Although we've been talking about moving for a long time, we only started our housing search in earnest in the last week or so. Yet, despite the process intimidating both of us, we might very well make an offer on this house in the very near future. It's both scary and exciting. The biggest obstacle is the fact that the listing is an unconfirmed short sale, so some bank would have to approve our offer. We'd want evidence that the sellers know what they're doing, so that we have every reason to believe that the approval would come through. In some ways, our situation seems suited to the typically lengthy time needed to close short sales. With a month-to-month lease, we're not on any hard schedule, and we could use some more time to unwind after last year before tackling the actual move.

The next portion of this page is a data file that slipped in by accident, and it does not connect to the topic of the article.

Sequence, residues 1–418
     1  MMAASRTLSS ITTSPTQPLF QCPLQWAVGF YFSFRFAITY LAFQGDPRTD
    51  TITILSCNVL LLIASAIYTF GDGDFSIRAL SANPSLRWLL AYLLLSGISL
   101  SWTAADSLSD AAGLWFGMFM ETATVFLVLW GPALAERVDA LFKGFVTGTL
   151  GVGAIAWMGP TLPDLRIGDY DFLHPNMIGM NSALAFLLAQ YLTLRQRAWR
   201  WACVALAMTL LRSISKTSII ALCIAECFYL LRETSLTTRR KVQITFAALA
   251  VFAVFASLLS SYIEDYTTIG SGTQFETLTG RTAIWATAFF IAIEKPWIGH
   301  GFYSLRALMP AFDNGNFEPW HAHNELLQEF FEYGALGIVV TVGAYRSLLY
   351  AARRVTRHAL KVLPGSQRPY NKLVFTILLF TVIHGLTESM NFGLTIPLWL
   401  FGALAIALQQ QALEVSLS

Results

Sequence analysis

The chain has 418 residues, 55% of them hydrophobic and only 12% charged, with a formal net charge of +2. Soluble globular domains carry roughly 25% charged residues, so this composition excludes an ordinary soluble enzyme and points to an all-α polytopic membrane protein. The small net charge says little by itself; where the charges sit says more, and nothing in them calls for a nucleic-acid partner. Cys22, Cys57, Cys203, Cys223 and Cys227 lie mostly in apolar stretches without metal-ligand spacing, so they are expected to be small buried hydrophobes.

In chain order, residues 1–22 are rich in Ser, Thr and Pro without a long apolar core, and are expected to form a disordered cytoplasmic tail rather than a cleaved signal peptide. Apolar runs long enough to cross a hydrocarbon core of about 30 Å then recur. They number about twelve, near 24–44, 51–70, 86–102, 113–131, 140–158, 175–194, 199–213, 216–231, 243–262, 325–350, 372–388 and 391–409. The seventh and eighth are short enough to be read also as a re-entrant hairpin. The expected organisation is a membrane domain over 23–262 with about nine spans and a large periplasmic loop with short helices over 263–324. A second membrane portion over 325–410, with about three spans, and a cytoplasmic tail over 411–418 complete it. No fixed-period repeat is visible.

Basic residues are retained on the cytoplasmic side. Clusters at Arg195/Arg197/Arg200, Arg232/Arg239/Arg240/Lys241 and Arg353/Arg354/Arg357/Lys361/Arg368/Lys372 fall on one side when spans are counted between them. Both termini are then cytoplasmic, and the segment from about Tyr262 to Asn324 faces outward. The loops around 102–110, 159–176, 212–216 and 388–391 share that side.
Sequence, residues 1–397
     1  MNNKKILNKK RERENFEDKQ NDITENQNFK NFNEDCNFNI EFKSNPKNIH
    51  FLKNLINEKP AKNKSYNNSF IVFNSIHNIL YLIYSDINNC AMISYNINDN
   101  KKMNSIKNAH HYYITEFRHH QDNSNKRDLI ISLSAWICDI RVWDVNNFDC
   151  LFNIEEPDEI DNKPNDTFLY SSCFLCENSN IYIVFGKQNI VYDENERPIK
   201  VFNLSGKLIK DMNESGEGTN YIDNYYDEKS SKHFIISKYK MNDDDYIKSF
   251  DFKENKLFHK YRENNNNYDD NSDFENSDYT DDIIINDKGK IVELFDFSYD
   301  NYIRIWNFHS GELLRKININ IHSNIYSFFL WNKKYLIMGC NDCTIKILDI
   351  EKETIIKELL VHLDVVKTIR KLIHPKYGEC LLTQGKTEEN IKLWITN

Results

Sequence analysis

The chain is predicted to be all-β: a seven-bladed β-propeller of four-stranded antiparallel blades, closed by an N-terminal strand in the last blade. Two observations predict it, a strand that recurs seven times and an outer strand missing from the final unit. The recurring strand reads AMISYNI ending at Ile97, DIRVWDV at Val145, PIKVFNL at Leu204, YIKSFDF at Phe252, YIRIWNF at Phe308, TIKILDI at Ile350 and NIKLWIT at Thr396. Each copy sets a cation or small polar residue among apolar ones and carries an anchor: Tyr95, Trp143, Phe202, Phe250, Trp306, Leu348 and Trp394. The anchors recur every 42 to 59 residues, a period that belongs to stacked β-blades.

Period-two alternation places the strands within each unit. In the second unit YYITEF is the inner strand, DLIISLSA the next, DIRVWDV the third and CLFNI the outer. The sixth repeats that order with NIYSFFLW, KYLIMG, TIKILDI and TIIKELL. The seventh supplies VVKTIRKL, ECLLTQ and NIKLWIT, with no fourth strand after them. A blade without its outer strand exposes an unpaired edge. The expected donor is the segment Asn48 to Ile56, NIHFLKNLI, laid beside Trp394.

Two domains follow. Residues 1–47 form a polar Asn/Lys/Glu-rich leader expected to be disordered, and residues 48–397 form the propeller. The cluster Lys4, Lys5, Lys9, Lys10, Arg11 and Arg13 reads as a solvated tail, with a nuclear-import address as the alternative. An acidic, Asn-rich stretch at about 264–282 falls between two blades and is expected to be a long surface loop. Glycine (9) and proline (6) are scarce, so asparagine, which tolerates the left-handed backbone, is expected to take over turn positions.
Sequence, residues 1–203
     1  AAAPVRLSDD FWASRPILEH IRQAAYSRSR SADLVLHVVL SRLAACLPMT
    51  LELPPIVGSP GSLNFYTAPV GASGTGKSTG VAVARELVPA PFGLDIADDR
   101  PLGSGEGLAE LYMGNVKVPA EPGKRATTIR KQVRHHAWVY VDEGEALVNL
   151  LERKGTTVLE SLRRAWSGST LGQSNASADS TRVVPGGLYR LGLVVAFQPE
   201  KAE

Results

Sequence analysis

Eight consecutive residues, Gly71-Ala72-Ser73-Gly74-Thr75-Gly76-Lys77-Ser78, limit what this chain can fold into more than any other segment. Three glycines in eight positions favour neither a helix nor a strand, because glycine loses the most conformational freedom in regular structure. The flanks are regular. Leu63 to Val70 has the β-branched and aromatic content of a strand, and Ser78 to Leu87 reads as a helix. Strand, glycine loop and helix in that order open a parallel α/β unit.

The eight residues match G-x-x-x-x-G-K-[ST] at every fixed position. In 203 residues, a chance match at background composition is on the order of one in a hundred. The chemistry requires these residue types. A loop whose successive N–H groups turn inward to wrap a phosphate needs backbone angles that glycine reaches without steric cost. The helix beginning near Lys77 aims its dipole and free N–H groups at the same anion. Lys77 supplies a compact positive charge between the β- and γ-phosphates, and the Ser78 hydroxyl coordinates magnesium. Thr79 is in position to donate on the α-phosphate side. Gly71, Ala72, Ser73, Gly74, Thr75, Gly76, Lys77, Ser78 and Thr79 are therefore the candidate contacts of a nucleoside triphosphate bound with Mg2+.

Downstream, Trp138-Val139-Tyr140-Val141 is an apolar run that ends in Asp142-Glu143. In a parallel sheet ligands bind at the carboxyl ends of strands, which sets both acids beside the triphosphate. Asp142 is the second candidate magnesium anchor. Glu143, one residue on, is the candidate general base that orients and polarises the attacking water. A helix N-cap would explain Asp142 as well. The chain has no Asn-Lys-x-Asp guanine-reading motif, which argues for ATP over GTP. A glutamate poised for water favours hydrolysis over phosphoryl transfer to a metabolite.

It's official. Sarah and I are completely out of step with American tastes in television. Last week we learned our favorite new show this season, Terriers, had been cancelled. Tonight, after we almost caught up on The Good Guys, we learned that show won't get a second season, either. Sigh. Why can the market support a hojillion CSI and Law & Order spinoffs but not one comedic buddy-cop show with throwback 80s-style car chases? But as fun as The Good Guys was, the real loss is Terriers. The fact that I can't tell you exactly what genre it fit probably has something to do with its cancellation. I guess you could just say it's about two unlicensed private investigators who get in over their heads. That synopsis completely omits that Terriers had perhaps the deepest characterization and tightest writing of any freshman show I've seen. I just wish these shows had more of a chance to find their audience. I guess I should know better after Firefly.